K-means clustering for Rab Protein Expression analysis
Data for expression of Rab proteins was extracted from the proteomic analysis of EBV-driven primary human B-cell outgrowth . For each protein in each of three biological replicates, data was normalized to a maximum of one, then averaged and further normalized to a maximum of one. k-means clustering was then performed using Cluster 3.0 (Stanford University) with 100 iterations and visualized using Microsoft Excel.
S1 Fig. Temporal flow cytometry analysis of EBV-induced remodeling in primary B-cell size.
(A) FACS forward scatter cell size measurements of live CD19+ primary human B-cells at the indicated days post-infection (DPI) by B95-8 EBV at a MOI of 0.1. Shown is a representative experiment of n = 3 replicates. Of note, cells were not gated for CD23 as a marker of EBV infection. (B) Propidium iodide (PI) cell cycle and forward scatter cell size FACS analysis are shown for the indicated DPI timepoints from the experiment shown in panel S1A. Data were representative of n = 3 experiments. (C) Propidium iodide (PI) cell cycle analysis for the indicated DPI timepoints from the experiment shown in panels S1A-B. Data were representative of n = 3 experiments. (D) Mean +SEM values of the numbers of cell identified as G1 or as in either G2 or S phases (G2+S) of the cell cycle by the PI analysis at the indicated DPI timepoints from n = 3 replicates, including the experiment presented in panels S1A-C. *, p<0.05; **, p<0.01. (two-tailed t-test).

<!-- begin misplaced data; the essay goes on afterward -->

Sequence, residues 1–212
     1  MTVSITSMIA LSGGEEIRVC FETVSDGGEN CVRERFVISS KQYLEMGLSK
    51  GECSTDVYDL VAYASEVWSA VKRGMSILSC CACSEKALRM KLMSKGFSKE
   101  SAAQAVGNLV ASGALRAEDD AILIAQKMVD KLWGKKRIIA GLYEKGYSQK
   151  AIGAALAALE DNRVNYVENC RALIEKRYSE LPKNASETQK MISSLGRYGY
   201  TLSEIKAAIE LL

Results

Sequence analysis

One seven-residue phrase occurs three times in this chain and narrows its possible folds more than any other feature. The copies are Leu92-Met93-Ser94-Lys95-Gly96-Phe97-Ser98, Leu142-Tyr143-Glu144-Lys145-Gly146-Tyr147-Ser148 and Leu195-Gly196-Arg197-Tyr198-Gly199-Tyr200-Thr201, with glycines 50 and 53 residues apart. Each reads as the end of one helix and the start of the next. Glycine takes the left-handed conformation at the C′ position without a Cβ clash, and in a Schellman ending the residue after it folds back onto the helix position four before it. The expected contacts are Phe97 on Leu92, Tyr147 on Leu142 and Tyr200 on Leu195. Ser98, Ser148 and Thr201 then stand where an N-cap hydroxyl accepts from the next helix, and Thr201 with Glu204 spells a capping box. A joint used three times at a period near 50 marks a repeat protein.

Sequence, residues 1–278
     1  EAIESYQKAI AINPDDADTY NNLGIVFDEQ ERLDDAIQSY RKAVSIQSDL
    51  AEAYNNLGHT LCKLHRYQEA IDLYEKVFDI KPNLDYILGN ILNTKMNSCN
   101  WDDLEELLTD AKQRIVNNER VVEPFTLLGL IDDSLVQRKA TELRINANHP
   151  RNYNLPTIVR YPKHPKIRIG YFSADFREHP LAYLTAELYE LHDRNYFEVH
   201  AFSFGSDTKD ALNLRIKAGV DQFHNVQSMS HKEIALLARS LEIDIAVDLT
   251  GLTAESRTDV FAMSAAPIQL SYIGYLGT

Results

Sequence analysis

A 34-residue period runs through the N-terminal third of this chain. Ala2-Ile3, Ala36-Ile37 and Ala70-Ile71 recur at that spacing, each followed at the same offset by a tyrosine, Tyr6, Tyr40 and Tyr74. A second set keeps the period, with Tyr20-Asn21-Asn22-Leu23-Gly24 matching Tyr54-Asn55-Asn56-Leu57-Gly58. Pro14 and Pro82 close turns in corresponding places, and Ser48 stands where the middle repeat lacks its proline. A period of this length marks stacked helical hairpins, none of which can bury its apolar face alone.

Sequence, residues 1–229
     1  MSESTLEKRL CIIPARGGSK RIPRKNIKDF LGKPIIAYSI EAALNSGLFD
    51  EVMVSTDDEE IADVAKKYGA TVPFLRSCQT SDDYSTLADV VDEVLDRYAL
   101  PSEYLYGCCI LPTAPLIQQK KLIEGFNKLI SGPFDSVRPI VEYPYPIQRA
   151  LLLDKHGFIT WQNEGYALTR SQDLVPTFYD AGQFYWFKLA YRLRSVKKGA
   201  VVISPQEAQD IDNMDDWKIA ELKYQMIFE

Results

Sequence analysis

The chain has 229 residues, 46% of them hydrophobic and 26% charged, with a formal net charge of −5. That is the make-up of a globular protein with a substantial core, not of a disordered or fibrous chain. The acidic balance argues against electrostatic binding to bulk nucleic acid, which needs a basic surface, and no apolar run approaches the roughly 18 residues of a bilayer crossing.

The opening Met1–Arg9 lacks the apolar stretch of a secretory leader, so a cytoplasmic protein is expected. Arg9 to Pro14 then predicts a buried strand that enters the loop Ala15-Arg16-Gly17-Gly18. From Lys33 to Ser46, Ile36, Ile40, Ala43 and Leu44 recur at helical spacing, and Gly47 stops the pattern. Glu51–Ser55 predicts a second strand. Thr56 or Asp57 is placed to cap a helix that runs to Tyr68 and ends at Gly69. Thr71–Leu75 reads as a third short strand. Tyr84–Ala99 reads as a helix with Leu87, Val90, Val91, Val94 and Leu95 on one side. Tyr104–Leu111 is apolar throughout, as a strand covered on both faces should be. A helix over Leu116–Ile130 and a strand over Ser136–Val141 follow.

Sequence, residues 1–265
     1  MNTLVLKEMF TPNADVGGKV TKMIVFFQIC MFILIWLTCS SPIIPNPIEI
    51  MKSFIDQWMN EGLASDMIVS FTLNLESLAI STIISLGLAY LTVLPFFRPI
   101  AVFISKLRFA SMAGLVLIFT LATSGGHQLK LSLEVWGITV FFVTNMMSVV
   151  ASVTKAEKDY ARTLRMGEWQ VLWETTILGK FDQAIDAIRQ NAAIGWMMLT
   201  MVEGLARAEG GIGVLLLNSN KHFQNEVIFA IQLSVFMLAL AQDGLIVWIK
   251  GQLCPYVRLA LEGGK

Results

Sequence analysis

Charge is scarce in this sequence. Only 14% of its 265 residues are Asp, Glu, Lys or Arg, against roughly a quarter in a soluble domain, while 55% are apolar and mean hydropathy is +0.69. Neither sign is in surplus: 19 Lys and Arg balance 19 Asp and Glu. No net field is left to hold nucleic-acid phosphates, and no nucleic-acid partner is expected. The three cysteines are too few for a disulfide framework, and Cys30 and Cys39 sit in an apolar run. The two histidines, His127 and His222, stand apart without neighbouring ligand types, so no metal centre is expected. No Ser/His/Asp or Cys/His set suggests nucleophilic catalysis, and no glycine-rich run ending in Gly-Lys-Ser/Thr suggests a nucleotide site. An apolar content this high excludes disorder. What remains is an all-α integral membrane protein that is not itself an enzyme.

S2 Fig. EBV upregulates the LDL receptor in newly infected primary human B-cells.